Review: These days, C Da Afro seems to be pushing the likes of Rayko, Sunner Soul and Mitiko hard for the coveted title of "most prolific remixer and re-editor". The Greek producer is once again in fine form on this Furious Mandrill outing, offering up a quartet of cuts that are funkier than a gurning gibbon after a night out with the Goodies. Our pick of a very strong bunch is sturdy, filter-sporting disco-highlife revision "Highlight Groove", though sweet, string-laden opener "Coconuts" and the colourful, synth-laden tropical disco number "Tropical Boogie" push it close. Kwaito/Afro-boogie number "Zooming", which closes the EP in fine style, is also worth a listen.
Review: Part of the appeal of Frits Wentink's productions has always been their inherent wonkiness. While his take on deep house has always drawn on classic US house influences, these are often combined with curious synth melodies, off-kilter jazz samples or subtle nods towards UK garage. All of these inspirations can be heard on the Dutch producer's latest outing for Heist Recordings. There's much to admire on the toy-box melodies and bumping beats of "Child Of The Universe", the fluid, late night deepness of "Worldwide Deluxe Edition", and the drunken jazz-house shuffle of closer "Yeah But Maybe Never". Best of all, though, is "Rising Sun, Falling Coconut", a delicious fusion of slipped US garage grooves, heady late night vocal samples and wild, P-funk-on-acid synth lines.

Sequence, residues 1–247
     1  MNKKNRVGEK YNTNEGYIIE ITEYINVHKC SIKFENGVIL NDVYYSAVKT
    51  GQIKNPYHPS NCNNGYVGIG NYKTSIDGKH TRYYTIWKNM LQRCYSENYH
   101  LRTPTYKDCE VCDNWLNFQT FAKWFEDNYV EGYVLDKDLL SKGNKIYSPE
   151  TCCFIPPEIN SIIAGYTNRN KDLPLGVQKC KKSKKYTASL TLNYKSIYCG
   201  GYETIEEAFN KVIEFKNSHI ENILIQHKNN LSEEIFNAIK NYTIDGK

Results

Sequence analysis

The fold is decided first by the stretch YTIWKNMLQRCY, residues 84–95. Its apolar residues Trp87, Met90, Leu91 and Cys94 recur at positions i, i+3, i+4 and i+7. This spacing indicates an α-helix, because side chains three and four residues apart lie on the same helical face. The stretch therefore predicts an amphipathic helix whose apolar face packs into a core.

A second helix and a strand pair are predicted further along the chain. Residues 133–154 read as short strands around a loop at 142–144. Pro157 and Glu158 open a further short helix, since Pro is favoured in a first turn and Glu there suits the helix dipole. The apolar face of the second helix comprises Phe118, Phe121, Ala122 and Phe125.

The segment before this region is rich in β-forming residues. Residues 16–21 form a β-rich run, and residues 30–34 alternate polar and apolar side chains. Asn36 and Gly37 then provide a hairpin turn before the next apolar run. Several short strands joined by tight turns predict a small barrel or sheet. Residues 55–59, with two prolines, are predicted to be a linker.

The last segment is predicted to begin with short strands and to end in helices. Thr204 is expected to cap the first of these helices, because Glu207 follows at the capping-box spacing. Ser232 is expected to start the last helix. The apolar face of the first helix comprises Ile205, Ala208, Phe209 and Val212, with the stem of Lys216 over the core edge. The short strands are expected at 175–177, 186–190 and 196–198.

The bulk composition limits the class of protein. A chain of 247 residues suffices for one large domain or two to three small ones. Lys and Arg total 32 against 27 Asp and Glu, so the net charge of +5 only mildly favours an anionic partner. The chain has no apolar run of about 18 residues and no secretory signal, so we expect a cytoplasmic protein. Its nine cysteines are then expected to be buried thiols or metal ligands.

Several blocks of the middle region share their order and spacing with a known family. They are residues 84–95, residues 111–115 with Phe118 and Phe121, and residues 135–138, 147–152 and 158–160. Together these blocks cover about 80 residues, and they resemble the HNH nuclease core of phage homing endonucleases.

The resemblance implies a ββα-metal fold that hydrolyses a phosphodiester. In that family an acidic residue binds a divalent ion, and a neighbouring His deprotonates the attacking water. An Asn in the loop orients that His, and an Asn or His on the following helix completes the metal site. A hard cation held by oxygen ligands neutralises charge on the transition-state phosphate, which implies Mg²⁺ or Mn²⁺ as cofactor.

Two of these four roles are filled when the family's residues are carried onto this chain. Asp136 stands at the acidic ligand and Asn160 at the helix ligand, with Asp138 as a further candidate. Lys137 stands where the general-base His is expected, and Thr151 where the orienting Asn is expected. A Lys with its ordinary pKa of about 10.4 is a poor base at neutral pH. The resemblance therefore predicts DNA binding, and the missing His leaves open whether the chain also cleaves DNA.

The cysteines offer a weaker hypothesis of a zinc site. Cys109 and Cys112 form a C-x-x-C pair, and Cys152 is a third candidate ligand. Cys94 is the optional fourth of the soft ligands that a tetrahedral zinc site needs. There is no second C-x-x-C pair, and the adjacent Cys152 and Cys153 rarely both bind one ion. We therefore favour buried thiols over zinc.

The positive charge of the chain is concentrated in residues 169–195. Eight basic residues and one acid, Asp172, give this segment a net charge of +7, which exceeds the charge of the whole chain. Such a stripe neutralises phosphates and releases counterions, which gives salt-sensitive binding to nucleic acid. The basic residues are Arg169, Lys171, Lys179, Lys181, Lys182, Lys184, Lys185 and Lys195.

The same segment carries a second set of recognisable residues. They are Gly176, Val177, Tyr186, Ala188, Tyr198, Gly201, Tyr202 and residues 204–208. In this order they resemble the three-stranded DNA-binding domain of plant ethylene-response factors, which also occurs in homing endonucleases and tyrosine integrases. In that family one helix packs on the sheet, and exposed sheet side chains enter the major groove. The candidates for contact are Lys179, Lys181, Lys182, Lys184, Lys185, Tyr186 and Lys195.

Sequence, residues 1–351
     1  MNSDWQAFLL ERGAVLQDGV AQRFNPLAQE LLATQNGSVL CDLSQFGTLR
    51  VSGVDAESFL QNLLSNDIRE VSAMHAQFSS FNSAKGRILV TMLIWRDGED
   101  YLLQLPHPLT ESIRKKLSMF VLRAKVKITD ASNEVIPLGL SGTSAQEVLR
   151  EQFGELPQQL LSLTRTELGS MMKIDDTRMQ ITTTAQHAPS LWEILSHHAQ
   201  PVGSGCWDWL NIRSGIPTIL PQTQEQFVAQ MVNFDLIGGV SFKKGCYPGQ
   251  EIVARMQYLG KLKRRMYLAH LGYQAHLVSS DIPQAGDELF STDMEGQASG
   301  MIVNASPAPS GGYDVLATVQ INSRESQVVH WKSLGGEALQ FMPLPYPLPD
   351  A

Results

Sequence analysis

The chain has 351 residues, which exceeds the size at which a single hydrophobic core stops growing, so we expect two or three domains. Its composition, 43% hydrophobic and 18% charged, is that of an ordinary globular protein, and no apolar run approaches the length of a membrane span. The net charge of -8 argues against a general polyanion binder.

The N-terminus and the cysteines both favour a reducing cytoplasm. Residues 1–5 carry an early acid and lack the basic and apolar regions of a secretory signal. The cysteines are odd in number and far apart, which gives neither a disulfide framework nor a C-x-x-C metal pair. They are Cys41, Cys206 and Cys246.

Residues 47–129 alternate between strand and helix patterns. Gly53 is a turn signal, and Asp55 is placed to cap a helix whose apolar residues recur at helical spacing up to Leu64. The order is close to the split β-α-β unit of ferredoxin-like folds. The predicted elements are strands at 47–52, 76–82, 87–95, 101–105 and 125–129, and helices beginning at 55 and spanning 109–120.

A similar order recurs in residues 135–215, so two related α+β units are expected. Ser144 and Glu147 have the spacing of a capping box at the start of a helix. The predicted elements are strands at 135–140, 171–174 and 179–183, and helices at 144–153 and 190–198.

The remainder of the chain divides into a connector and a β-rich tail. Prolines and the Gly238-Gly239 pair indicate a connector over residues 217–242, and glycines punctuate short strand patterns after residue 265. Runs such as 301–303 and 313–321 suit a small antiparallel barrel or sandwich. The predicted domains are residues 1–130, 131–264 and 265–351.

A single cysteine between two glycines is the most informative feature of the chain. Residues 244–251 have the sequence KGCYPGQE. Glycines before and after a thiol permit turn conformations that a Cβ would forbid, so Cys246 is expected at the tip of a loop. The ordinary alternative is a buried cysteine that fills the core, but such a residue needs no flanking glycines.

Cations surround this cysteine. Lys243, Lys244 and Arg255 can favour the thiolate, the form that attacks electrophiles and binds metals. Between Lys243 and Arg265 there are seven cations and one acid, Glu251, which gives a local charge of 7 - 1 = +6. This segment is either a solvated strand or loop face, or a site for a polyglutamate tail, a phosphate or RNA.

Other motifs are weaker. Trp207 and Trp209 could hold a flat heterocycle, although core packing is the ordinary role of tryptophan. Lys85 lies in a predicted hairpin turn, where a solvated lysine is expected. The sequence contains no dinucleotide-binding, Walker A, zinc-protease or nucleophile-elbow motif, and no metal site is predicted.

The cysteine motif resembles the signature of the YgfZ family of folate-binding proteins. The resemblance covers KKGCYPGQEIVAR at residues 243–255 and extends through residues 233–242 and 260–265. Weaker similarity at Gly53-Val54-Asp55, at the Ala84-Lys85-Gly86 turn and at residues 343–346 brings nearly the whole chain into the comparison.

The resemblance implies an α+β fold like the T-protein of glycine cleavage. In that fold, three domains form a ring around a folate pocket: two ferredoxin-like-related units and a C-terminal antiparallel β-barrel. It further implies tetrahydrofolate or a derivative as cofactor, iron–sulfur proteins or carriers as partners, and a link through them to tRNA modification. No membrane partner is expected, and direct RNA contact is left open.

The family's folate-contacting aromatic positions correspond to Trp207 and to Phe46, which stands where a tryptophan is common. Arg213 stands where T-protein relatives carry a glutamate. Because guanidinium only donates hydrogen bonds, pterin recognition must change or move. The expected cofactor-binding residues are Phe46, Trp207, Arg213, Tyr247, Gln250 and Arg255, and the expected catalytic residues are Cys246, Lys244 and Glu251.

Review: This is a typical Steve Bug release and this is what makes it so impressive. Like much of his back catalogue, it effortlessly flits in mood from celebratory to deep before ending up in tripped out mode. The title track sees the Poker Flat boss in typically jaunty mode, with summery keys unfolding over an upbeat tech groove. "Thick As Mud" is much darker and rides a searing bass and tougher drums. Rounding off the release is "Pants on Fire", where Bug draws on his minimal background to deliver a pulsing, acid-soaked affair that is custom-made for after hour usage.